Thursday, 15 March 2007

Convent of St Mary Magdalene

The Russian Orthodox Convent of St Mary Magdalene is one of those remarkable places one is reluctant to leave once one's there. It was snowing hard when I arrived and the sun was shining brightly when - eventually - I left. While it is by no means as large as the Dome of the Rock on the opposite side of the Kidron Valley, the five striking and (I suspect) recently regilded onion domes of the Abbey Church on the slope of the Mount of Olives make it one of Jerusalem’s most easily recognizable landmarks.

It was built as a memorial to Empress Maria by her son the Russian Czar Alexander III and his brothers. Grand-Duke Sergei, one of the Czar’s brothers, and his wife Grand-Duchess Elizabeth - formerly Princess Elizabeth of Hesse-Darmstadt, grand-daughter of Queen Victoria and sister of the ill-fated last Empress of Russia - presided at the consecration in 1888.

The Grand-Duchess took considerable personal interest in the church and commissioned well-known Russian artists to paint the murals, paintings and many of the fine icons that grace an otherwise fairly straightforward interior.

In 1905 the Grand-Duke was assassinated and the Grand-Duchess responded by founding a convent in Moscow devoted to nursing and charitable work. She herself became a nun. After the revolution, in 1918, the Grand-Duchess together with her companion Sister Barbara and several members of the Russian imperial family were murdered by being thrown into a mine shaft by the Bolsheviks and left to die. Her remains and those of Sister Barbara eventually were eventually brought to Jerusalem. In 1920, they were laid to rest, as the Grand-Duchess wished, in a crypt below the Church of Saint Mary Magdalene. They were canonized in 1981 and their relics were moved into the main section of the church where they rest today in marble open sarcophagi on either side of the iconostasis.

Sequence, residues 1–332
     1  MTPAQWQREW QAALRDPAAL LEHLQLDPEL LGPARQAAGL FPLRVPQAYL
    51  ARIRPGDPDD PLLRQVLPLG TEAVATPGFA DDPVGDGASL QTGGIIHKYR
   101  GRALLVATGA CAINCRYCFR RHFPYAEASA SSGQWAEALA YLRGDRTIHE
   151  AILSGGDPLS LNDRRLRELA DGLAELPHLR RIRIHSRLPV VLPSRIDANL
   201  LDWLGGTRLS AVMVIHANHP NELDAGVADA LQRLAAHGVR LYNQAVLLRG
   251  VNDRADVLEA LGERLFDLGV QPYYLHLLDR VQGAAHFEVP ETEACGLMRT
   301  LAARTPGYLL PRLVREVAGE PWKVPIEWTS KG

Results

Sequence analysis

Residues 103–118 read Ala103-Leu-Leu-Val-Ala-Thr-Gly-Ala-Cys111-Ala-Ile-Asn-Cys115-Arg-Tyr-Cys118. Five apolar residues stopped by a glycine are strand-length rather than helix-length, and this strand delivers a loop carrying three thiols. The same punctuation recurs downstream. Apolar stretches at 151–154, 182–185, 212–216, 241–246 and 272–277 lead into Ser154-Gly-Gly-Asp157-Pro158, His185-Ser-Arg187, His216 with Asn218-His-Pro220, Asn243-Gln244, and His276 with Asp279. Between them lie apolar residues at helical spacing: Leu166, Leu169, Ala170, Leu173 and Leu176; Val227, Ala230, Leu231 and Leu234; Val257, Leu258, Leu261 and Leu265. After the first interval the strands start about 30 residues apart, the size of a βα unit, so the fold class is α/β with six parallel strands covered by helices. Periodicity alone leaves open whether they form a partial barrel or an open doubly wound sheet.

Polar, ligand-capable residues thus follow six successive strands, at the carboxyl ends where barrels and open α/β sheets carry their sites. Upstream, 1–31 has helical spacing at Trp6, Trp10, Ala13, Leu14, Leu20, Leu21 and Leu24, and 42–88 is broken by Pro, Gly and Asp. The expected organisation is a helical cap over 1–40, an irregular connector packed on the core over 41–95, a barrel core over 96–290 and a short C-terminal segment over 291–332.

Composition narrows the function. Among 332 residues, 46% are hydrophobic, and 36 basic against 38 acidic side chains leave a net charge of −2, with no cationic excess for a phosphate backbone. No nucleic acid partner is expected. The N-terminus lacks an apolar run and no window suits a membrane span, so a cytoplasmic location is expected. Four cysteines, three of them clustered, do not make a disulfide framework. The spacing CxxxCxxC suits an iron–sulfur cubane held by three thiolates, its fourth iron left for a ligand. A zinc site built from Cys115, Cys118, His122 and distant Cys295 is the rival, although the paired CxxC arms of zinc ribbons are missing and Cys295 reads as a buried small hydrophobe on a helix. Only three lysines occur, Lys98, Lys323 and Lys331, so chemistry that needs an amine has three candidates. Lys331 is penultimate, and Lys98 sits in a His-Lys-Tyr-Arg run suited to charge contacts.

Princess Andrew of Greece (Princess Alice of Battenberg), mother of the Duke of Edinburgh stayed at the monastery in the 1930s. Her wish was to be buried near her Aunt ‘Ella’, the Grand-Duchess Elizabeth whose devotion to the church and to nursing and charitable service she strove to emulate. Princess Andrew died at Buckingham Palace in 1969. Her wish to be buried at the Convent of Saint Mary Magdalene in Gethsemane was finally realized in 1988 when her remains were transferred to a crypt below the church. One of the delightful sisters, once she knew I was English, took me to see her.

The story that attaches to the icon on the right side of the iconostasis is remarkable. Dating back to the 16th century, it comes from Lebanon and from the outset was associated with miraculous occurrences. In the late 1930s it belonged to the Metropolitan of Lebanon who had repeated dreams in which Our Lady told him - eventually in no uncertain terms, I gather - to give the icon to ‘Abbess Mary’ in Palestine. He had no idea who this might be but after an initial reluctance to act, he made inquiries and found there was indeed such a person – an English woman – at the Russian Orthodox Convent of Saint Mary Magdalene in the Garden of Gethsemane. And so the icon changed hands.

A more detailed (and rather more gripping) account of the icon’s acquisition is told by one of the sisters present at the time who went on to become abbess between 1970 and 1983. I will attempt to summarize this account in a later posting.

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